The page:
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Every Pitch Counts: Mike Pelfrey

My AA colleagues pointed out that a few other team sites did some analysis of pitchers' tendencies based on pitch count, like this one at Blue Jays-centric site Ghostrunner on First. And since imitation is the sincerest form of plagiarism, I thought I'd give it whirl for the Mets' starters and see what the data had to say about them. First up, Mike Pelfrey.

Pelfrey began the 2010 season like a house on fire, but with significantly less screaming. At the end of June, he was 10-2, and when he wasn't selected for the All-Star game, it seemed a snub to some. Then he struggled through a miserable July, with an ERA of 10.02 and a 2.66 WHIP, while opponents batted an astonishing .496 against him.

His stats improved somewhat for the remainder of the year--there's almost no way they could've gotten worse unless he suddenly morphed into Oliver Perez--but the consensus seemed to be that his season was, in aggregate, a disappointment. Mostly because his mid-summer swoon indicated he hadn't turned a corner as many thought, but was still prone to inexplicable lapses in judgment and control.

Did Pelfrey's pitch selection have anything to do with his sudden fall from grace? Here's his overall percentages for pitch-by-pitch-count over the course of the season. (Based on pitch count data taken from the pitch/fx pages at Texas Leaguers)


As you can see, Big Pelf loved his 4-seam fastball. Behind, ahead, or neutral, he likes throw the heat. Only in the favorable count of 1-2 did a batter's chance to seeing a 4-seamer drop as low as 31 percent. In fact, if you add in the 2-seamer, there were only two kinds of counts where a batter had a less than 50 percent chance of seeing some kind of fastball, and both were pitcher's counts (0-2 and 1-2). The only pitch Pelfrey threw as consistently was his sinker, which hovered around 15 percent in most counts and rose as high as 20 percent on 3-1 counts.

Pelfrey's curveball made a reappearance this year, after reportedly being suppressed by Rick Peterson. But as the chart shows, Pelfrey was not confident enough in this pitch to throw it when behind in the count. The same could be said of his changeup; though he threw this pitch more frequently than the curve, its use diminished whenever Pelfrey fell into a pressure situation.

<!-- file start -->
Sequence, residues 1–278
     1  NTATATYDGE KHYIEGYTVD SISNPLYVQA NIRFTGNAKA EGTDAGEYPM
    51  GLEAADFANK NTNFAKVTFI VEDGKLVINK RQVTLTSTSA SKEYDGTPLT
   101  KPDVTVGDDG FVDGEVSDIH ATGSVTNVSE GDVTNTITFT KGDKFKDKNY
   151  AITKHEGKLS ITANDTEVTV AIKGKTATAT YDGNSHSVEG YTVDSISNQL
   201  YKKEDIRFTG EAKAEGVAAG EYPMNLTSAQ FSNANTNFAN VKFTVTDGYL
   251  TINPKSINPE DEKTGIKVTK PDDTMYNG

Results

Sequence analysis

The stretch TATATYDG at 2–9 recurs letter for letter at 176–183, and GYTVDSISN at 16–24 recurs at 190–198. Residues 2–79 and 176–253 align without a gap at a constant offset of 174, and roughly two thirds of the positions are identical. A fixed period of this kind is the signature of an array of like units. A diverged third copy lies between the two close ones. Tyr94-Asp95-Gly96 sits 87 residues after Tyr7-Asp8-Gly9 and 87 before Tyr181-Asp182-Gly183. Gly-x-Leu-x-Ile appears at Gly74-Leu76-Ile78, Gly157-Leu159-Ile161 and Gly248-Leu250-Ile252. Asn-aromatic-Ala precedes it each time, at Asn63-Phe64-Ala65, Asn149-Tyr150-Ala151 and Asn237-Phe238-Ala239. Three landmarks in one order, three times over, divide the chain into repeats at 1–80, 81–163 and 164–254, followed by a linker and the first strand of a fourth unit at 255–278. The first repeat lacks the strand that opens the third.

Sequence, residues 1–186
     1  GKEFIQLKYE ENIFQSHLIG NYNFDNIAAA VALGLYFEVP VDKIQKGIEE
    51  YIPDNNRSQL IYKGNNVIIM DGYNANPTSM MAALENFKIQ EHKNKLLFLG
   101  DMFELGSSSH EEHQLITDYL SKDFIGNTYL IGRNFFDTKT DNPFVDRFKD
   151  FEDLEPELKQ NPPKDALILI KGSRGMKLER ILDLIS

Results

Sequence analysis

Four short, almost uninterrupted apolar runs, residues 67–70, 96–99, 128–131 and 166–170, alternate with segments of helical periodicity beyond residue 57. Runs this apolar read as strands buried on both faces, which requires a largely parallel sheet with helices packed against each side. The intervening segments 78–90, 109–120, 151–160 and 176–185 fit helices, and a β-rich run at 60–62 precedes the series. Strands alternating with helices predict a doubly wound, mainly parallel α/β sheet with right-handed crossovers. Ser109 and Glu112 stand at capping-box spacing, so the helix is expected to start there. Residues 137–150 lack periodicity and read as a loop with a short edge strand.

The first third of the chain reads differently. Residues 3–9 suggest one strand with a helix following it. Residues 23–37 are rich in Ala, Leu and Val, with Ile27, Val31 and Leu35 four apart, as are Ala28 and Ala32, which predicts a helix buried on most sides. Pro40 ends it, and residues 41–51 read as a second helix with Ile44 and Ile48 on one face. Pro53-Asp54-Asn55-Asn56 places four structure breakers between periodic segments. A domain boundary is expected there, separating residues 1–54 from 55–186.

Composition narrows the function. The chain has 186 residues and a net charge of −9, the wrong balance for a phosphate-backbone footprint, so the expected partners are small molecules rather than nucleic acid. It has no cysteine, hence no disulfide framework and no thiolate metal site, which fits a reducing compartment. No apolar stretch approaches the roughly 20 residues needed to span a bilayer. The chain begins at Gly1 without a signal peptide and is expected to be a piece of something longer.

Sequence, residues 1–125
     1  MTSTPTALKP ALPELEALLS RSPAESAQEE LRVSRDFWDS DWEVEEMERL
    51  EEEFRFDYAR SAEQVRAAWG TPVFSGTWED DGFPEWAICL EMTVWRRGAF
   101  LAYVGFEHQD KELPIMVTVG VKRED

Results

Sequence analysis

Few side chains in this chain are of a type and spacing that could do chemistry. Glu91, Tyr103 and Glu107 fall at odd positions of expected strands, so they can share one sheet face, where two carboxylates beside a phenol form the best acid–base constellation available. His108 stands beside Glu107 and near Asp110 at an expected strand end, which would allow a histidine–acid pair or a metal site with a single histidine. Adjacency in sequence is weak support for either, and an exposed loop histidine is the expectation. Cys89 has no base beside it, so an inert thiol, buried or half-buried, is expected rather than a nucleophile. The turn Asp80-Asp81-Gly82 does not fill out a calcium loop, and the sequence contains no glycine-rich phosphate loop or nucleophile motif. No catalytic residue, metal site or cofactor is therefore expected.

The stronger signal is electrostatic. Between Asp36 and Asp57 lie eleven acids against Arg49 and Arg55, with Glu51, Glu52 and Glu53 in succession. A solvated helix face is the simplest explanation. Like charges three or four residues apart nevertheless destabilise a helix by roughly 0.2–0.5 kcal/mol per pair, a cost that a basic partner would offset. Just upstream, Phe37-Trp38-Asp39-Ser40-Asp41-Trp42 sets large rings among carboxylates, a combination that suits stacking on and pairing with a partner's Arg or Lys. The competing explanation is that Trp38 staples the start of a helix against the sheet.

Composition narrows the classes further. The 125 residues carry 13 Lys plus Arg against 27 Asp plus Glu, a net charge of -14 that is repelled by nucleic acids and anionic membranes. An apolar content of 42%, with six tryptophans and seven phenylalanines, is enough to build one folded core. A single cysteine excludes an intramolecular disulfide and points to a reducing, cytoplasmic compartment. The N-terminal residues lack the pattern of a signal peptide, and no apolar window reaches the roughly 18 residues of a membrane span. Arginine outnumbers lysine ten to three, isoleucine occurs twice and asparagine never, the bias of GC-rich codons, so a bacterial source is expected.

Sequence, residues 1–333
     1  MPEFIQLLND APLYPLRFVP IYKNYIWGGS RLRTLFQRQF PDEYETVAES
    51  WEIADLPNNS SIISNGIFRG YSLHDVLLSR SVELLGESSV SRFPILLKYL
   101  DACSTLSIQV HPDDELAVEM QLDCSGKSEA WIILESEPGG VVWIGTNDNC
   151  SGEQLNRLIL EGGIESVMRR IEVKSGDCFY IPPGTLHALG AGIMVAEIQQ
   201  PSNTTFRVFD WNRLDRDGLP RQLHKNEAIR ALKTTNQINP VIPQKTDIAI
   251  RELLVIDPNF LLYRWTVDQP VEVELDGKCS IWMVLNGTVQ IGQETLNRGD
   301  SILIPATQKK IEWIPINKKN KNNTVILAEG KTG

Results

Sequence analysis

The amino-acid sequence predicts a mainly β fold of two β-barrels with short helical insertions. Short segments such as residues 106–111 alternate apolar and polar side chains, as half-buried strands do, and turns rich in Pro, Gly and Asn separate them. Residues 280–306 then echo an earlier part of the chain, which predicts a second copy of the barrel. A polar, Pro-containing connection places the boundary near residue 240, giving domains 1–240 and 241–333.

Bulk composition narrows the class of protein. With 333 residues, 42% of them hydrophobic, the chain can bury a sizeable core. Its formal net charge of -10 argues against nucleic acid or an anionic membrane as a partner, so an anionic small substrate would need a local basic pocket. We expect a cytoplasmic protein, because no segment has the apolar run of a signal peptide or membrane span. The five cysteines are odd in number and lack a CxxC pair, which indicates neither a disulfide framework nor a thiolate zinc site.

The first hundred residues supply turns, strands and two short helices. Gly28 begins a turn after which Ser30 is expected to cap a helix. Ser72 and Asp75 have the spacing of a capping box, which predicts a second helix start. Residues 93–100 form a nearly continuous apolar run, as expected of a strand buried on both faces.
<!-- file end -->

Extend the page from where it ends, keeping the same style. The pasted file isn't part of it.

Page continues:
It's not too surprising that a pitcher who relied so much on his fastball, and who was so reluctant to use his secondary pitches, would see his luck catch up with him at some point. But was there any difference in the pitch selections Pelfrey made in July as opposed to the rest of the season?


This is skewed by a much smaller sample size, of course. But it indicates that, if anything, Pelfrey used his four-seam fastball less frequently in July than he did on average throughout the season. He also did not throw as many two-seamers, and his use of the sinker in all counts increased dramatically. In other words, my Too Many Fastballs theory doesn't hold much water.

I thought maybe Pelfrey fell behind hitters more often in July than he had at the beginning of the year, but that doesn't appear to be the case. Eliminating 0-0 counts, Pelfrey threw pitches in hitter's counts 40 percent of the time during July, which was only slightly higher than his rate from April through June (38 percent). Perhaps falling behind in the count so often caught up with him. If so, it doesn't explain his decent August and September, when he was only slightly better at avoiding hitter's counts (36 percent).

My best guess to explain Pelfrey's slide in July is he might have begun relying on his sinker more than he should have. And since a sinker is meant to be put in play, perhaps he just got unlucky and saw more balls elude gloves. His BABIP of .466 that month might lead you to that conclusion. But since most of his other stats indicate an inability to get anyone out (see: .496 opponents' batting average), it's hard to lay the blame on bad defense or bad luck.

Perhaps Pelfrey could concentrate this offseason on developing his curveball and changeup further, which batters whiffed on 9.5 and 11 percent of the time, respectively, as opposed to the 5.5 percent whiff rate his fastball engendered. (Granted, the curve and change whiff rates may have resulted from the relatively sparing use, and also because they were most frequently used in pitcher's counts.)

Or perhaps this year was just another hiccup in a young, still developing pitcher's career. I'm not sure there's a metric for that yet.